Superbly situated in the lee of Mount Kilimanjaro and sheltered by the volcanic splendour of the Chyulu Hills, this classic stone-built lodge overlooks its own water hole, which is visited daily by elephants, buffalos and a wide variety of plains game. One of the first lodges ever to be built in a national park, the lodge is cool, tranquil and hushed for optimum game-viewing. It is also ideally placed for visits to all the park's prime attractions.
Faced in volcanic stone and utilising the natural rocky outcrops of a valley known as 'the place of the young rhino', from which it takes its name, the lodge features a thatched central dining area and a rock-built bar, with a viewing terrace looking directly down on to the waterhole.
All the spacious ensuite rooms have their own verandas, some overlooking the waterhole, some the Chyulu Hills, which are one of the world's youngest volcanic ranges. As for activities, the lodge offers numerous game drives, guided walks, bush breakfasts, volcano climbs and trips to Mzima Springs, a set of crystal-clear ponds, fed by the melt waters of Mount Kilimanjaro, in which the many hippos can be viewed from a submerged chamber. We appreciate the fact that we enjoy a unique privilege: we have the honour of hosting one of the few lodges to be permitted within a national park - an area that is otherwise exclusively dedicated to the preservation of its wilderness and wildlife. We also appreciate the support of the human community that surrounds this wilderness area, on whom we rely for the provision of staff members, guides, dancers and entertainers. Consequently we host a number of eco-programmes, all of which are designed to support and sustain the natural and human community of which we are a part. Such programmes vary according to need, but presently they are as follows:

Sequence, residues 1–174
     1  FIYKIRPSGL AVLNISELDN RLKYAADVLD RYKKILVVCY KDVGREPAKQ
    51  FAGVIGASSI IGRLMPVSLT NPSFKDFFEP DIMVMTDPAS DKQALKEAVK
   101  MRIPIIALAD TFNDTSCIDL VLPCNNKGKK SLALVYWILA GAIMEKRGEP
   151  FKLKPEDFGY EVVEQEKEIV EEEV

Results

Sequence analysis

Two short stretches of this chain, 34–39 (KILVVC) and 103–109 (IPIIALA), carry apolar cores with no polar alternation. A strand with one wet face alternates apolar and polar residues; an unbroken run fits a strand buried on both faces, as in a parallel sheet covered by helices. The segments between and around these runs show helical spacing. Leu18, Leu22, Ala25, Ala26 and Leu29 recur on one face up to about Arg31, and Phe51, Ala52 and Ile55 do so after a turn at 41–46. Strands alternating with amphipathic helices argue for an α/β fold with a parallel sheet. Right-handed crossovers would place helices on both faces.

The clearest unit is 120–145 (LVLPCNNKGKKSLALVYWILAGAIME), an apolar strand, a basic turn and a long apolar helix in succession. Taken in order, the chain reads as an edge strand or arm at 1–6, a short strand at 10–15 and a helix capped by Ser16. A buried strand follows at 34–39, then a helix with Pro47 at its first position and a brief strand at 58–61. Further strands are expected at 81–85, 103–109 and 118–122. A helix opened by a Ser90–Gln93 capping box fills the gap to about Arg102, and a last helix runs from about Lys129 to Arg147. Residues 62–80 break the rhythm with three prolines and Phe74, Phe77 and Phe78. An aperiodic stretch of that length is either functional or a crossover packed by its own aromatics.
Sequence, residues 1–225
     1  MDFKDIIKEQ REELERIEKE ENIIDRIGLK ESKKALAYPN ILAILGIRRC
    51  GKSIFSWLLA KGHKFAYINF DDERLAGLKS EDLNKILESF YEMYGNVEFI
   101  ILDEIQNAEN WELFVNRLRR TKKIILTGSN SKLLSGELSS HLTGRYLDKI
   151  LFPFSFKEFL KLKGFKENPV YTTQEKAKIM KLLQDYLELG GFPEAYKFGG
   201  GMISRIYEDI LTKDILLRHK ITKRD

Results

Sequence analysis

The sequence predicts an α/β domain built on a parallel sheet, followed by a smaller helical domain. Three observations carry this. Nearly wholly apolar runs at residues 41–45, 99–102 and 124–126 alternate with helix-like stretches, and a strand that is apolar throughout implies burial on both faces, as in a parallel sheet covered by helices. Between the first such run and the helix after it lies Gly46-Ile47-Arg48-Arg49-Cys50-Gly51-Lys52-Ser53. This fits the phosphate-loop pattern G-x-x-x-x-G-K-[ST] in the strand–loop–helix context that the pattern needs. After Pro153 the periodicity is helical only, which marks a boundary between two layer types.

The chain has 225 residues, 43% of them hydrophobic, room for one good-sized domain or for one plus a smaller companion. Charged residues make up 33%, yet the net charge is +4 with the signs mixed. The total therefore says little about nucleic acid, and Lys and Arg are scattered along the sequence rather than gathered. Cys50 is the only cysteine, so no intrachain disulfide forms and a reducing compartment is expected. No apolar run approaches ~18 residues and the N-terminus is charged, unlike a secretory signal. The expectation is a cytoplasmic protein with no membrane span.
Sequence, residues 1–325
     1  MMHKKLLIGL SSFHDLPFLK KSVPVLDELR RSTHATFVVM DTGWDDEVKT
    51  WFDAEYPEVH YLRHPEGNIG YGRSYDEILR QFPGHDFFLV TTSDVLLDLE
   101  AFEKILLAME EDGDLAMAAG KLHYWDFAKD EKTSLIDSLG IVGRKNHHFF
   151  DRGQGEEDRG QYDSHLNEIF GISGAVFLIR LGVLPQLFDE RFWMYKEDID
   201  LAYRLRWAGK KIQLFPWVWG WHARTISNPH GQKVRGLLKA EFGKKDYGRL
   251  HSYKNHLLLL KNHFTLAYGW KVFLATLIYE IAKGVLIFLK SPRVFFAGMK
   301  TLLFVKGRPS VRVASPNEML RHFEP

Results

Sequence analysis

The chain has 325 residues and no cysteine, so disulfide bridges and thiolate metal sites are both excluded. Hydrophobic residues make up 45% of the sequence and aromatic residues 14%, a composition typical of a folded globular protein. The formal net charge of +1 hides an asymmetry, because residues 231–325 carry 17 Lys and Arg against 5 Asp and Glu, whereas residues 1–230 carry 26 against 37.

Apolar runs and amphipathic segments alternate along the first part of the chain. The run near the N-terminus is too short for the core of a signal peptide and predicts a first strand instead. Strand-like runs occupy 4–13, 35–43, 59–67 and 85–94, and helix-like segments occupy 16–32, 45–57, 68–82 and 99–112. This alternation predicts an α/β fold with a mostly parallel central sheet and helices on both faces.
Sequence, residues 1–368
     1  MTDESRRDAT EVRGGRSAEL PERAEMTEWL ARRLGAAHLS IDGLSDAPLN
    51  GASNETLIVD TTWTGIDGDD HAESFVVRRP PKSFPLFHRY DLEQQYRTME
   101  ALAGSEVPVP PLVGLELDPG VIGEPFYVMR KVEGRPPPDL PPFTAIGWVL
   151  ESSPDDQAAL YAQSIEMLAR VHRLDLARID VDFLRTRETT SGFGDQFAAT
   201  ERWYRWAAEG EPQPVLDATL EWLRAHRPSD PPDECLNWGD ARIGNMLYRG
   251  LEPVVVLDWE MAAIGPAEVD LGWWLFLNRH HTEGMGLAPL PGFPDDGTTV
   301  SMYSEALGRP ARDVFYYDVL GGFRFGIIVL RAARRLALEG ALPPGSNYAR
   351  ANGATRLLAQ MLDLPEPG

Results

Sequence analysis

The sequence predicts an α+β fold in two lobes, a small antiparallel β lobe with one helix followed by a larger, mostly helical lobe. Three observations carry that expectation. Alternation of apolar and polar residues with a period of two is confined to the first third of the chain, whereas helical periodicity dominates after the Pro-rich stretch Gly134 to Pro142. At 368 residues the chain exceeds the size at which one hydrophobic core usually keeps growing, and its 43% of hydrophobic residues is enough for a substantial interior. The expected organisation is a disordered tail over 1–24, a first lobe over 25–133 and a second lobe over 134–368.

We work with the Kenya Wildlife Service (KWS) in carrying out an on-going tree-planting programme for the park. Our staff also regularly join with KWS to have 'litter collecting days' so as to keep the park in a pristine condition.
We have built a classroom block for the local school as well as providing desks, teaching equipment and sports equipment.
We have provided training programmes on the importance of using clean water to reduce the incidence of diarrhea; we also supply clean drinking water for the local community. In the interests of reducing the incidence of malaria, we supply mosquito nets to the local community.
We create both temporary and permanent jobs for the local community. We also offer training and work-exposure programmes for school leavers.
We encourage interface between our guests and the local villages - hosting tours and promoting the sale of handicraft items.
We showcase Maasai dance, costume, singing and cultural craft as part of our corporate undertaking to support and sustain the cultural heritage of our nation.
We support local orphanages and hospitals, mostly via the provision of food stuffs, but also by means of voluntary support visits by our staff.
In terms of its own ecological 'foot' print, the lodge abides by a code of responsible practice in relation to: energy conservation (inverter systems have recently been installed so as to reduce the lodge's use of diesel-fuelled generators), waste recycling (glass, plastics, 'wet waste' and the distribution of food-waste to local pig-farmers), sewage disposal, air emissions, non-CFC use, pesticide-use, noise reduction and visual pollution. Wherever possible, local produce is featured on the menus.
In order to promote the overall health of their workforce, Serena has also established the Employee Wellness Programme, which aims to address the holistic health needs of not only Serena's staff, but also of the communities that surround their lodges. In essence, the programme is devoted to reducing the incidence of accident and illness in the workplace, promoting healthy lifestyles, maximizing potential, and promoting optimum quality of life.